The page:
Are Trump supporters morally inferior? Are Asians savages?

What does it mean to be morally superior? I think people usually mean that they hold good moral beliefs – for leftists, it could be supporting gay marriage, universal healthcare, the wrongness of islamophobia, and so on. Now if these were truly moral, then that would mean the leftist possess certain moral beliefs that Trump supporter do not.

Okay. Let’s suppose this is true. How does it make the leftist more moral? Holding certain moral beliefs doesn’t necessarily make one a more moral person, because it doesn’t guarantee the practice of moral actions based on those beliefs. A Trump supporter could hold certain truly good moral beliefs that the leftist doesn’t – for example, the leftist could be a terrible friend and the Trump supporter could possess the belief that one ought to be kind to her friends and acts according to that belief.

Now, let’s not only suppose that the leftist holds certain moral beliefs that Trump supporters do not, but also that the leftist holds more good beliefs and practices ethical actions more often than Trump supporters. That would surely make one a more ethical person, but how does that make one morally superior? It would make one a good person, because the leftist would practice moral actions more often. But, how does being a good person or performing good actions more frequently put someone in a different status or rank?

There is a moral theory that fits this kind of reasoning and it’s called the theory of Desert –one deserves more well-being if he or she is a virtuous person. This mode of thought isn’t very counter-intuitive, since we already judge others based on their virtue. For instance, if one could save Hitler or Gandhi, the answer is pretty clear. Gandhi is more virtuous; thus, he deserves more well-being. So, it isn’t controversial or strange for people to use this reasoning to condemn Trump supporters.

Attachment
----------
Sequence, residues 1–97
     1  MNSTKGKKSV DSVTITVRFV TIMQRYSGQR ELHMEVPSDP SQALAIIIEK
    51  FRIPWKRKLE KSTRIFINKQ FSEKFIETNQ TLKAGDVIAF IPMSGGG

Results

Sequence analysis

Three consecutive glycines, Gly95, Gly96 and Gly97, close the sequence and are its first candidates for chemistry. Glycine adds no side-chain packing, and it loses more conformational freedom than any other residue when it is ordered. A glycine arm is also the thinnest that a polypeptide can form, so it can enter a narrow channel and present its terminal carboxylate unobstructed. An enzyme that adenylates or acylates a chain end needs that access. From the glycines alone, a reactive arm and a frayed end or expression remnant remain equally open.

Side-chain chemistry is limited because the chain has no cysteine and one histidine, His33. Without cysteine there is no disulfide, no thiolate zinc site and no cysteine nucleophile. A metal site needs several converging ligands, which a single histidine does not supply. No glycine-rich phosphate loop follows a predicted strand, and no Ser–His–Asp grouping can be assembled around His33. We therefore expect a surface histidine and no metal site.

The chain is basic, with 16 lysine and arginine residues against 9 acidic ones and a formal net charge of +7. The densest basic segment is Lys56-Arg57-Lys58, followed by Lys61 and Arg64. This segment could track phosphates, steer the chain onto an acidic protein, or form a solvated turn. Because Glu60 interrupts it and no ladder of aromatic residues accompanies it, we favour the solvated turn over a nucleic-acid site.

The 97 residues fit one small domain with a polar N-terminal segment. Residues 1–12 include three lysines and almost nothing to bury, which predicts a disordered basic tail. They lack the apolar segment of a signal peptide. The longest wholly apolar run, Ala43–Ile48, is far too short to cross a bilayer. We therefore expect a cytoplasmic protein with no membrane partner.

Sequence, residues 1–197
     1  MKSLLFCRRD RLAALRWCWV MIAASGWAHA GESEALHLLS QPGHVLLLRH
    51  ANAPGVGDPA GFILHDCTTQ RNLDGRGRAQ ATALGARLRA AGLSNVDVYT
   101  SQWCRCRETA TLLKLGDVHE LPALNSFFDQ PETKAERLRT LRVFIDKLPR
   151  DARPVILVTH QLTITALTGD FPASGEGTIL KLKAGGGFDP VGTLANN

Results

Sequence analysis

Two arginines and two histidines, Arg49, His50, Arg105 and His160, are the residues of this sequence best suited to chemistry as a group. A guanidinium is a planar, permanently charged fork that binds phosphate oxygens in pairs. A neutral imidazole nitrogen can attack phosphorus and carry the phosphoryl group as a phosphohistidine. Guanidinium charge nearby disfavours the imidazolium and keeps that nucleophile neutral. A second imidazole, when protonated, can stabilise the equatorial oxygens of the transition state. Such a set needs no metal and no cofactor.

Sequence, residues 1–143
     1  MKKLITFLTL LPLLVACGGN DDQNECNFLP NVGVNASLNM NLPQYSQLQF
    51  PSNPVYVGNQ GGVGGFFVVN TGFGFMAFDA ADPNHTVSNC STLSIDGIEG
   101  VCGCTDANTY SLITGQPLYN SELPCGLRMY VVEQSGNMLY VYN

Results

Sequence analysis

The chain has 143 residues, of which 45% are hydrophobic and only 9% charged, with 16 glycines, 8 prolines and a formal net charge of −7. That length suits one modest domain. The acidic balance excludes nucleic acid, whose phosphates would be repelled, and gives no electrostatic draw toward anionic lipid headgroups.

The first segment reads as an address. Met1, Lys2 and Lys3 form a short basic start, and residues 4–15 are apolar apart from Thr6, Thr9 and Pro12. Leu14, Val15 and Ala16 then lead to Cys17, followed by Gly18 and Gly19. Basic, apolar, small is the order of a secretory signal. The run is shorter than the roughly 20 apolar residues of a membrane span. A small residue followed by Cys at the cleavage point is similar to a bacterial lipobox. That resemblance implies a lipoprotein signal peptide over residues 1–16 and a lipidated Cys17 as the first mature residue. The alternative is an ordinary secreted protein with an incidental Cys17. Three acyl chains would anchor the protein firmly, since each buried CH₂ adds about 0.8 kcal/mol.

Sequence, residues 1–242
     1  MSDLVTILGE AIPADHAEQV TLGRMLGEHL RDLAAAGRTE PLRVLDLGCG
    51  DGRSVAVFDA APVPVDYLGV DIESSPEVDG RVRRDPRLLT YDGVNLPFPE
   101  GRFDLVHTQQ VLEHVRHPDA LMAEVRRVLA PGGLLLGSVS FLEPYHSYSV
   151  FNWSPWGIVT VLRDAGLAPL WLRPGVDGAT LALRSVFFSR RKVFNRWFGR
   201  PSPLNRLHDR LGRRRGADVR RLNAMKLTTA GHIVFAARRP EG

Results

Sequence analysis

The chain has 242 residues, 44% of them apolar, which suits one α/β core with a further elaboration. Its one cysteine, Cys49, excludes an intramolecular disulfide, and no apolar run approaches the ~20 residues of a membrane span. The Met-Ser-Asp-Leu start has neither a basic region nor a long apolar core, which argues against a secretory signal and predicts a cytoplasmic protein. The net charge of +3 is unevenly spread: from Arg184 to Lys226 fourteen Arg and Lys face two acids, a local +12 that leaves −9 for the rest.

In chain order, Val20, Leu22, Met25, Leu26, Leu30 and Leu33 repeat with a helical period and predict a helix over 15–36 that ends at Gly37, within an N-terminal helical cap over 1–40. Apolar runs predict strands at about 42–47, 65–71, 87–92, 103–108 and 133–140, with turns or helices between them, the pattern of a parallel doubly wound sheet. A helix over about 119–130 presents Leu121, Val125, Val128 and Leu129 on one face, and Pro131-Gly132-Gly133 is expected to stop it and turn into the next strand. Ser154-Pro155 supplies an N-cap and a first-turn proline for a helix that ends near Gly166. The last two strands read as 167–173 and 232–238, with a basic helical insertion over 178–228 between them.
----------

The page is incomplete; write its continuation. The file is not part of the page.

What bothers me is that many leftists are moral relativists – or at least they claim to be so. If one were truly a moral relativist, how can one rank a person’s virtue? How can you say that the culture of Trump supporters is inferior to that of left-wing millennial’s? If one truly believes that Trump supporters are morally inferior, then one has to subscribe to a kind of ethical framework that allows such a system of ranking. Moral relativism cannot say which culture is morally superior to another. If one truly wishes to hold onto the belief that Trump supporters are morally inferior, then one must be prepared to abandon moral relativism. This would mean opening up for discussion whether Islamic culture or Asian culture is morally inferior to Western culture. This would mean opening up for discussion the objectivity of ethics, and many things millennials hate.

I’m not a moral relativist, yet I detest discussions like, “Is Western culture superior to Islamic culture or Asian culture?” I think this kind of discussion very often carves up space for racism and bigotry. Nevertheless, I cannot see how being a moral relativist makes it any better. It just makes one avoid the discussion and hold onto an incoherent ethical framework. Gandhi is clearly more virtuous than Hitler, and I have to be able to ask the same of cultures.

I tried to appease my conscience by gazing at these cultures from an impersonal standpoint. Then, I saw that all cultures have had their periods of fortune – they all had their Golden Ages when the arts, the sciences, and philosophy proliferated. Some cultures are not able to live up to their potential due to misfortune, imperialism, and other complications. The impersonal gaze allows me to see that affluent cultures – the West – commit such horrible crimes that gay marriage and women’s suffrage appear as meager improvements. The impersonal gaze shows me how difficult it is to say which is better than the other as a whole. How can you quantify goods and atrocities?

I am glad that I cannot deem Islamic or Asian culture as inferior, but I did not get to this conclusion merrilly. By giving up moral relativism, I had to reason with the assumption that it is possible for a culture to be morally inferior. Ethics is hard, and critical thinking is unsettling. However, if one wishes to include truths or logical coherence in their ethical or epistemological frameworks, then one must bite the bullet. As Immanuel Kant once said, one must be afflicted by the restlessness of reason.